Currently viewing the category: "Moths"
What's That Bug? does not endorse extermination

Subject: Help!
Location: California
February 25, 2015 10:37 am
Bugman, what in the heavens is this world coming to? I was starving and wishing that someone would make me a hot meal when I went outside and noticed this monstrosity out on the cement! Now I don’t know about you, but I think it’s safe to say that this creature is a sure fire fact that evolution exists as it is most certainly something entirely new!
PS. I hope you appreciate my photography skills as I almost lost my head taking them!
Signature: Tight Red Jeans

Whitelined Sphinx

Whitelined Sphinx

Dear Tight Red Jeans,
This Whitelined Sphinx or Striped Morning Sphinx,
Hyles lineata, is one of the most common, larger moths found in California.  When conditions are right, great quantities of the edible caterpillars are found on desert plants, and they will metamorphose into moths that are generally seen at dawn or dusk, are attracted to lights, and that are easily mistaken for hummingbirds.  You could have eaten the moth to prevent starvation.  We are curious to find out how you almost lost your head.

Fiona Cunningham Pausch, Sue Dougherty, Mary Lemmink Lawrence, Andrea Leonard Drummond liked this post
What's That Bug? does not endorse extermination

Subject: Moth laying eggs
Location: Spring Hill, Florida
February 22, 2015 10:53 am
My friend sent me this interesting photo of a beautiful moth laying eggs on her car cover. I have tried Google and the only thing I can find close to it is the Leopard moth.. but I am confused because this moth has red.. and I can not find any moth that looks like this at all?
Signature: Tina

Eyed Tiger Moth laying Eggs

Eyed Tiger Moth laying Eggs

Dear Tina,
Your identification of a Giant Leopard Moth,
Hypercompe scribonia, is correct, and the species is also known as an Eyed Tiger Moth.  The reddish mark on the thorax is an area where the scales have worn away, revealing the exoskeleton.  Here is an image from BugGuide of an individual with a similar bare spot on the thorax.

Alisha Bragg, Alfonso Moreno, Sue Dougherty, Julieta Stangaferro, Kristi E. Lambert, Amy Gosch, Andrea Leonard Drummond, Darlene Ricotta liked this post
What's That Bug? does not endorse extermination

Subject: Bug Identification
Location: Medowie, Australia NSW
February 17, 2015 1:28 pm
I was hoping to have this bug identified. It is in a tree in our yard in Medowie NSW. No-one seems to know what it is. There is a circular spider web right next to the bug & cocoon of eggs.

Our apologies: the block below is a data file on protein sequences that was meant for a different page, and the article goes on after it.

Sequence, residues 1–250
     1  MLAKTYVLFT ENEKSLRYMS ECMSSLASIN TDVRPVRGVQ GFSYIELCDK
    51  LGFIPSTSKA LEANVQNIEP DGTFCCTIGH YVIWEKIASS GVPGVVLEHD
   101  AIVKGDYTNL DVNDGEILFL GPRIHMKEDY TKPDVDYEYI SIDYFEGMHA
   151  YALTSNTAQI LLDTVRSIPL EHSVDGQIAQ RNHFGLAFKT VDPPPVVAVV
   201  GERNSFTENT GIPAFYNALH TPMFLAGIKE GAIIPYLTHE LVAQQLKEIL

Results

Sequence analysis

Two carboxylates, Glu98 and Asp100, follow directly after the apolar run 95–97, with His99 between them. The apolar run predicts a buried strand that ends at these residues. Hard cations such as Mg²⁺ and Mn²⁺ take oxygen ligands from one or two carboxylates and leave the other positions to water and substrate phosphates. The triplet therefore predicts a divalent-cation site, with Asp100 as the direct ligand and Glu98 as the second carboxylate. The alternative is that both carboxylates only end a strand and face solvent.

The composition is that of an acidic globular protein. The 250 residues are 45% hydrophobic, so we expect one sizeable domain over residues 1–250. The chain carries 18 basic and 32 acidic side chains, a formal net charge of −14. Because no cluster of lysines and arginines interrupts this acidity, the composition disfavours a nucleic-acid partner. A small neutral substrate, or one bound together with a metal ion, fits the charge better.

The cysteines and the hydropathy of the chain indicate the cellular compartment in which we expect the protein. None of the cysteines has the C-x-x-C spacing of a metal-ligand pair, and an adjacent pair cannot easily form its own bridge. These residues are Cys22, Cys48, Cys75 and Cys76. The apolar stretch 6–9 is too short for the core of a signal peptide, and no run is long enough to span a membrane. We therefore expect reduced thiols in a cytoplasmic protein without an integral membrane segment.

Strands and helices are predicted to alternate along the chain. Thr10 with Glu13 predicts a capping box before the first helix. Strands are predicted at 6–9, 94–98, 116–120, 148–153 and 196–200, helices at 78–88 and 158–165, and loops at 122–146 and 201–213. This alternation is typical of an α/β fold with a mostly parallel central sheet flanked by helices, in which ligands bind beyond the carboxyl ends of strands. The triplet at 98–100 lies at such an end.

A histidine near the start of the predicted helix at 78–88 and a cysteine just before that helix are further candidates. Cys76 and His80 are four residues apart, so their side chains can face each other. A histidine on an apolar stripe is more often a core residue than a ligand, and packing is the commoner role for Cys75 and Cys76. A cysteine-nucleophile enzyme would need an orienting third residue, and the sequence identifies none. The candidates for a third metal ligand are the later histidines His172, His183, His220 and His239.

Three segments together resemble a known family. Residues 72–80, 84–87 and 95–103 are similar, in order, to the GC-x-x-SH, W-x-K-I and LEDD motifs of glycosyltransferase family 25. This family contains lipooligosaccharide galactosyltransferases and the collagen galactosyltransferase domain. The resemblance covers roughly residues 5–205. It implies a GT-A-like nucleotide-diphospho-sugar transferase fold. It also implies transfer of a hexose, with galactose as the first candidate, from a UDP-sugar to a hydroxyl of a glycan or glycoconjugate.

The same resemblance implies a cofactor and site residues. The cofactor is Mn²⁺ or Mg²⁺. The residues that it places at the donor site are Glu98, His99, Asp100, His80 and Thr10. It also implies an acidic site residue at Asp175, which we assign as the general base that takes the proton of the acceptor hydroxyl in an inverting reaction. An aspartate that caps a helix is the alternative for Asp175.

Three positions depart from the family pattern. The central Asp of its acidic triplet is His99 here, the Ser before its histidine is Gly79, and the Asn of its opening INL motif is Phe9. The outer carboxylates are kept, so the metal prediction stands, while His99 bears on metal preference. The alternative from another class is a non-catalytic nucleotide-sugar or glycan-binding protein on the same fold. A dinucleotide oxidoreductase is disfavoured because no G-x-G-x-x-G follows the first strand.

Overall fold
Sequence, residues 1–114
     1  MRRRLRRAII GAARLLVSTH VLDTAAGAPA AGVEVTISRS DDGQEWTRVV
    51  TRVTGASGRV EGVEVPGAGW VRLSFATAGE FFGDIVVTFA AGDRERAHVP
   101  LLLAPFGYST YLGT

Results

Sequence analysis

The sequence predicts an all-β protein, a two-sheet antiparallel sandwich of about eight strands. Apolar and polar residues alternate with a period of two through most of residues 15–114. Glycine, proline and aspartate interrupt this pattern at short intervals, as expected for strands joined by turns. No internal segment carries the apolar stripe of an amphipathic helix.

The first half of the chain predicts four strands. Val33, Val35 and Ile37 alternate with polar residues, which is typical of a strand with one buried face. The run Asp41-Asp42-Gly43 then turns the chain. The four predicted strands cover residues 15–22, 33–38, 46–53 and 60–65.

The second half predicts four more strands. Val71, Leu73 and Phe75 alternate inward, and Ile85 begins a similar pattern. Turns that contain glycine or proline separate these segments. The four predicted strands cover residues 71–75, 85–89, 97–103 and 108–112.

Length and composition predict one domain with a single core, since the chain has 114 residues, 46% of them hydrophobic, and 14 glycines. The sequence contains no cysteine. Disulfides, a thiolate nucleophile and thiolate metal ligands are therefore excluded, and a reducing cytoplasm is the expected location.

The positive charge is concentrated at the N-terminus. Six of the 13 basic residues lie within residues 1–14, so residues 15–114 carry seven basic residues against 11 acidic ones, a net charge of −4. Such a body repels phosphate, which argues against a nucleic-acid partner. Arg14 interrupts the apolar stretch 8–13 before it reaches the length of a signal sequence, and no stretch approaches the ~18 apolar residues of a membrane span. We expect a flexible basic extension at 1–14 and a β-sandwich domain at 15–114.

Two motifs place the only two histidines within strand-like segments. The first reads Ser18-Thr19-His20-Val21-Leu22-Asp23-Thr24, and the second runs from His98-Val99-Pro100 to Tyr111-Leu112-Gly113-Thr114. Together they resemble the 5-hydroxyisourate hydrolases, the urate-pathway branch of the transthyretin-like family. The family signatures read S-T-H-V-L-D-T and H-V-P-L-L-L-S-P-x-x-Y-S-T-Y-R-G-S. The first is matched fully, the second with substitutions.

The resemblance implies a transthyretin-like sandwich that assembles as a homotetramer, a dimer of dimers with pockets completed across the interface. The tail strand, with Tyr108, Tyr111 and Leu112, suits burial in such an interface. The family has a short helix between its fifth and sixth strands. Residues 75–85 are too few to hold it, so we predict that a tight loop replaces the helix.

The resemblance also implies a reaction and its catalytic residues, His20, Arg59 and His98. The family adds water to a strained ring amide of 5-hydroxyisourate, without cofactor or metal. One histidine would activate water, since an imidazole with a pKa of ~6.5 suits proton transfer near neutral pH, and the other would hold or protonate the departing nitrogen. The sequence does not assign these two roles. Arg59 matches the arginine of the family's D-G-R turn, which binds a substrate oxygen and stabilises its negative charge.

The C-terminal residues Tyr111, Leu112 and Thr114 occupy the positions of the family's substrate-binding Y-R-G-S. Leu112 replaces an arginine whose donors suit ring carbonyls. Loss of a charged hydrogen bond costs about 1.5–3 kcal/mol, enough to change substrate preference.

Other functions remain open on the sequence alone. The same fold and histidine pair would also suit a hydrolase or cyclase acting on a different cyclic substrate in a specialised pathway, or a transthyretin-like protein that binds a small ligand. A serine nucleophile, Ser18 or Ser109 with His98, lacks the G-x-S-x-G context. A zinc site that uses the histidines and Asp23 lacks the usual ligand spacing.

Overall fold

Signature: Toni Alley

Tussock Moth with Eggs

Tussock Moth with Eggs

Dear Toni,
This is a flightless female Tussock Moth with her eggs, probably
Orgyia australis.

Thank you for letting me know :-)
Toni Alley

Andrea Leonard Drummond, Sue Dougherty, Mary Lemmink Lawrence liked this post
What's That Bug? does not endorse extermination

Subject: Moth from South Africa
Location: Cape Town, South Africa
February 18, 2015 12:45 pm
Hi there!
I hope you guys can help to identify this magnificent moth.
Spotted in a garden in Cape Town, South Africa in mid Feb.
Lots of granadilla and lavender plants around.
Never seen one even remotely similar – the photo is pretty good though, I hope we can identify it and find out more.
Please let me know what turns up!
Looking forward to your reply and thanks for the help!
Signature: Yours truly, NJV

Echo Owlet Moth

Echo Owlet Moth

Dear NJV,
Your lovely moth with its curled wings reminded us of an Australian Fruit Piercing Moth, so we searched the subfamily Catocalinae on iSpot and we quickly found the Echo Owlet Moth,
Achaea echo, a perfect match for your moth.  The species is also pictured on African Moths.

Superb!!
Thank you so much for the help, I really appreciate it!
Have a fantastic day,
Kind Regards
Norman Visser

Melissa Leigh Cooley, Rachel Carpenter, Jennifer MacAulay, Ana Šorc, Mary Lemmink Lawrence, Julieta Stangaferro, Amy Gosch, Kristi E. Lambert, Carmen Thompson, Alfonso Moreno, Chris Cooper, Kathy Haines, Kitty Heidih, Mathew Becker, Cora Lukehart liked this post
What's That Bug? does not endorse extermination

Subject: bug shape like a T
Location: Idaho
February 17, 2015 11:36 am
What is it?
Signature: Carrie

Plume Moth

Plume Moth

Hi Carrie,
This is a Plume Moth in the family Pterophoridae.

Sue Dougherty, Mary Lemmink Lawrence liked this post
What's That Bug? does not endorse extermination

Subject: What is this insect?
Location: Bangalore, India
February 16, 2015 7:54 am
This picture was sent to me by one of my friends. I have never seen an insect like this. To me it appears to be a moth but i’m totally naive in this. But i was interested in finding out this little guy’s name. So i searched the internet and found your website good. Can you please tell about it.???
Signature: Shubhojeet

Oleander Hawkmoth from India

Oleander Hawkmoth from India

Dear Shubhojeet,
You are correct that this is a moth, more specificially an Oleander Hawkmoth.

Ana Šorc, Julieta Stangaferro, Sue Dougherty, Alfonso Moreno, Kathy Haines, Mary Lemmink Lawrence liked this post
What's That Bug? does not endorse extermination